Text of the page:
Blood Cancer Awareness Month


September is Blood Cancer Awareness Month. What is a blood cancer you may ask? A blood cancer is a cancer that affects your blood cells including how they are produced by the body and how they function. In these cancers, the development of blood cells is interrupted by the growth of abnormal types of blood cells. Because of this uncontrolled growth, the blood can’t perform its normal functions like fighting infection and prevention of bleeding. (American Society of Hematology, http://www.hematology.org/Patients/Cancers/) There are several types of blood cancers including leukemia, lymphoma and myeloma.

Blood Cancer AwarenessAccording to the Leukemia and Lymphoma Society, every 3 minutes someone in the United States is diagnosed with a blood cancer and more than a third of blood cancer patients do not survive five years after their diagnosis. During my time as a floor nurse, I had the privilege of taking care of many patients fighting blood cancers. The treatments they endure are arduous and lead to many challenging side effects such as peripheral neuropathy, nausea, pain, and mucositis. Their strength was always inspiring.

Blood cancers are very challenging and costly to treat due to the fact that these diseases are very complicated in nature as are the treatment plans. During the month of September in honor of Blood Cancer Awareness Month the Leukemia and Lymphoma Society has the goal of raising $300,000 to be used for research, education and access to affordable treatment. As of Friday, September 2, they are already at 10% of their goal. Besides donating money directly to the organization they have a number of fundraising campaigns including Team in Training, Light the Night and the Student Series.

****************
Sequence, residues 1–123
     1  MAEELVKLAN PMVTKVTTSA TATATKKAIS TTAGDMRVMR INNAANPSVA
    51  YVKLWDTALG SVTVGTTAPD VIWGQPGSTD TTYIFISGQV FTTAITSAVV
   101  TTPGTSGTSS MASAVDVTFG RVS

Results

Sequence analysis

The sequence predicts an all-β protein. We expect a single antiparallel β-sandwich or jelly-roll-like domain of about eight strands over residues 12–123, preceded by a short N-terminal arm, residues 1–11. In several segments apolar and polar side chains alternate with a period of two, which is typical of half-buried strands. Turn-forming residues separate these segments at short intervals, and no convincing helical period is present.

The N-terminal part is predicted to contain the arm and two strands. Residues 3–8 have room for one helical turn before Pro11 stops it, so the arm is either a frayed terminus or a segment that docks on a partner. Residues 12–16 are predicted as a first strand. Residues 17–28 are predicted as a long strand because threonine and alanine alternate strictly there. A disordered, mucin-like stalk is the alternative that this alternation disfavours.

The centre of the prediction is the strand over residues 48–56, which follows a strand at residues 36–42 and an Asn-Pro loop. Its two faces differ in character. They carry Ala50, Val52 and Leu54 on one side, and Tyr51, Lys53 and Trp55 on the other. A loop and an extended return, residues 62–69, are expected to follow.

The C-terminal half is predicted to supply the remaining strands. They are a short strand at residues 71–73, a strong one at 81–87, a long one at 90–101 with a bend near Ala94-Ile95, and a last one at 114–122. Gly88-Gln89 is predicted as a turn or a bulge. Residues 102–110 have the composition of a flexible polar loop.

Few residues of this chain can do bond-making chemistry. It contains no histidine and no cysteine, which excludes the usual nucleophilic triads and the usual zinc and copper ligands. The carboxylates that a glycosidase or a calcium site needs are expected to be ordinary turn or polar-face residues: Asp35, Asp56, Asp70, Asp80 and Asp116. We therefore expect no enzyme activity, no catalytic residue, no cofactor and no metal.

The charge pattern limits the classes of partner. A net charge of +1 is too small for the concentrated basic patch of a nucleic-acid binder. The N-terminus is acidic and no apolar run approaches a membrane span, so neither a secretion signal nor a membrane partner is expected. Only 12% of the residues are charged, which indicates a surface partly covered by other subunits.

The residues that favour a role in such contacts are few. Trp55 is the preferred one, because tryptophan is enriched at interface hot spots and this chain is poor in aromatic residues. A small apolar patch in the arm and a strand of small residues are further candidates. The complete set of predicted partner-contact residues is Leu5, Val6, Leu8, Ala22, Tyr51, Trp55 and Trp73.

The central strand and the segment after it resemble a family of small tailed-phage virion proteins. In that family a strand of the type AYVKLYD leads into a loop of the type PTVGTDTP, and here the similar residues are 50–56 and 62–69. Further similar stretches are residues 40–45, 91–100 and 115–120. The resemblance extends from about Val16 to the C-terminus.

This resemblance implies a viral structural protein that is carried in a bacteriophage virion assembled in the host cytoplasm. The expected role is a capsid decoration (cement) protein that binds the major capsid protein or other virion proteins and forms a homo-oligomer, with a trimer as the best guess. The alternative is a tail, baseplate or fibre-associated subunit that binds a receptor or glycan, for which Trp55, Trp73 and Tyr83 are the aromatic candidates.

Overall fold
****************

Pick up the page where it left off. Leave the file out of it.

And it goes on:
What else can you do besides donate money during the month of September?

  • Become an advocate. You can do this by reaching out to members of Congress about Medicare Part D and working to reduce the cost of co-pays for seniors whose medications are within the “specialty tier”. You can also ask your local representative to help patients afford their costly treatments through the Patient’s Access to Treatments Act. Lastly, you can write to Congress to increase federal funding for cancer research.
  • Volunteer! Volunteer to help with a fundraising campaign, office support, education programs, patient services, and family support groups. The opportunities are endless!

Show your support for Blood Cancer Awareness not only during the month of September but every month. Do what you can to show these patients that we support them every step of the way of their cancer journey!

One thought on “Blood Cancer Awareness Month

  1. It’s quite interesting that I came across this today. My girlfriend was diagnosed with non-hodgkins lymphoma about a month ago, it’s a long and winding story but ahe fell from a bus and hit a rail which apparently caused internal bleeding that was not treated properly or addressed by the original doctor; the battered blood that remained from the accident travelled to all sorts of places in her body, messed up her marrow and caused the creation of abnormal blood cells which are now all over her body. It took a mosdiagnosis of asthma due to a breathing problem before we referred to a lung specialist who foind it was clotted blood that was blocking het left lung, ran more blood work and confirmed the lymphoma. She did tests last week anf was informed she is now a stage III of IV and she should be back this week to see how fast the cancer is progressing. We don’t live in a country where healthcare is readily available or even highly trusted so I’m on here now to try and see what I can find that might help. The survival rate you shared caused me to zone out but I wanna start as early as possible to see how I can help not just my girlfriend but other persons with blood cancer.

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